# Is Ohm's law required to calculate Watts?

A buddy and I were having a conversation. One of us is convinced that Ohm's Law and Watts are the same thing. After much research I can not find anything directly pointing Ohm's Law to defining Watts, what I have found it that one way of getting Watts is to leverage parts of Ohm's Law, but that you can calculate Watts without the usage of Ohm's Law. I feel that this has to be the case as Ohm didn't do his work on resistance until after James Watt had already died, however the naming of the "Watt" was not official until after the research the Ohm had done and had basically nothing to do with Watt himself. Can somebody please clarify on this?

• Yeah, you can definitely calculate Watts without Ohm's law. For example, by dividing Joules and Seconds. – Ladislav May 21 '15 at 6:35
• "... until after James Watt had already died" James Watt was a mechanical engineer who worked on steam engines (among other things). The fact that his name is used generally for power (of all types) is not relevant to this chronology. – Roger Rowland May 21 '15 at 6:40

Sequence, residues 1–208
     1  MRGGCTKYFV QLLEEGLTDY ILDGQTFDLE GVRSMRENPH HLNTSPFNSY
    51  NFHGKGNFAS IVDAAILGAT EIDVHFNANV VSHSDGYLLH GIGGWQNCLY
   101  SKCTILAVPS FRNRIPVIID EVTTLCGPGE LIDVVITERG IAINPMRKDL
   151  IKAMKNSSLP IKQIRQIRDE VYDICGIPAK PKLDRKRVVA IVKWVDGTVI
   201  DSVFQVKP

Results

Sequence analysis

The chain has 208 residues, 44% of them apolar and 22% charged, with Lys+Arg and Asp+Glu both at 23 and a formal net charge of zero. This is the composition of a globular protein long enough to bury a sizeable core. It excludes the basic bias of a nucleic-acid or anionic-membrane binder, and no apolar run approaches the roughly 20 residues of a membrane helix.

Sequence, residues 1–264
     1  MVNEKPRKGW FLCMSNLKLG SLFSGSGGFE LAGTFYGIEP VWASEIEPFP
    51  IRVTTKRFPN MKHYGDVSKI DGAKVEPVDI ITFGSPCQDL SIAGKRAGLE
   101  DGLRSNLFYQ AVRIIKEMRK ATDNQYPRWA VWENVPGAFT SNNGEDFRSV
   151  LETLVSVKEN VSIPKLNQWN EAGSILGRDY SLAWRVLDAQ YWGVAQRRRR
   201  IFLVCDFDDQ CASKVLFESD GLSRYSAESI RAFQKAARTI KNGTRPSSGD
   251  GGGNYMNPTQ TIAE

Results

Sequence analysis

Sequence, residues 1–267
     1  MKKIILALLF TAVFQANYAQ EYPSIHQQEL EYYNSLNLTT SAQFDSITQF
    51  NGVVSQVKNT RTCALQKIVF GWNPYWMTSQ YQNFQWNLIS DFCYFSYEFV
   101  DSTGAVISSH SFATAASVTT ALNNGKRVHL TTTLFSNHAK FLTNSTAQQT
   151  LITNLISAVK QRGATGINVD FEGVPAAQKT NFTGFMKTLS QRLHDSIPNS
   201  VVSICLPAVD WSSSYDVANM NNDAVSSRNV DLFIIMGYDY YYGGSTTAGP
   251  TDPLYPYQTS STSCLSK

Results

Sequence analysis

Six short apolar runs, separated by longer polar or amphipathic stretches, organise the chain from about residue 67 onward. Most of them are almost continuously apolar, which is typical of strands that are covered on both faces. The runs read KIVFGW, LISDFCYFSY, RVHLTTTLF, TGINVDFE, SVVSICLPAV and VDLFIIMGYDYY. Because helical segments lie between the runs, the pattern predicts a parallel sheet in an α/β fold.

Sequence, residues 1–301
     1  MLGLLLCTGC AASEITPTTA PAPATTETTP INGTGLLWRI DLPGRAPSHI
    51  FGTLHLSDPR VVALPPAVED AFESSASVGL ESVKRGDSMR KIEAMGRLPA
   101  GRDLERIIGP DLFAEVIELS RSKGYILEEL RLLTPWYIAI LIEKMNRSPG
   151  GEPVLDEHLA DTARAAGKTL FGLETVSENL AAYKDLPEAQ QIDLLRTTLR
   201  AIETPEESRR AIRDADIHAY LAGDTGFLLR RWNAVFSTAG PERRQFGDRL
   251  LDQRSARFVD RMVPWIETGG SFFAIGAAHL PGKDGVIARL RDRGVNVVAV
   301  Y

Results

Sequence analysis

• Corrected in question, should have been more clear that Watts is general and not really related to the engineer it was eventually named after. – Heath N May 21 '15 at 6:53
• @Arduinology It might be better to explain why you (or your buddy) believes that Ohm's Law is required to calculate power. – Roger Rowland May 21 '15 at 6:54

The Watt measures power, which is energy per unit time---more specifically, Joules per Second. In familiar units, multiplying Volts (Joules per Coulomb) by Amps (Coulombs per Second) yields Watts, i.e., $P=IV$. This applies to all lumped electrical components, be they resistors, batteries, transistors, etc.
Ohm's law really isn't much of a law, but rather a particular relationship between Volts and Amps that happens to hold for resistors. Reciting it, $V=IR$. Simply put, for resistors $V \propto I$ and we can then find a proportionality constant $R$ to help us relate them. This relationship doesn't hold for all components, and it's not needed for calculating power.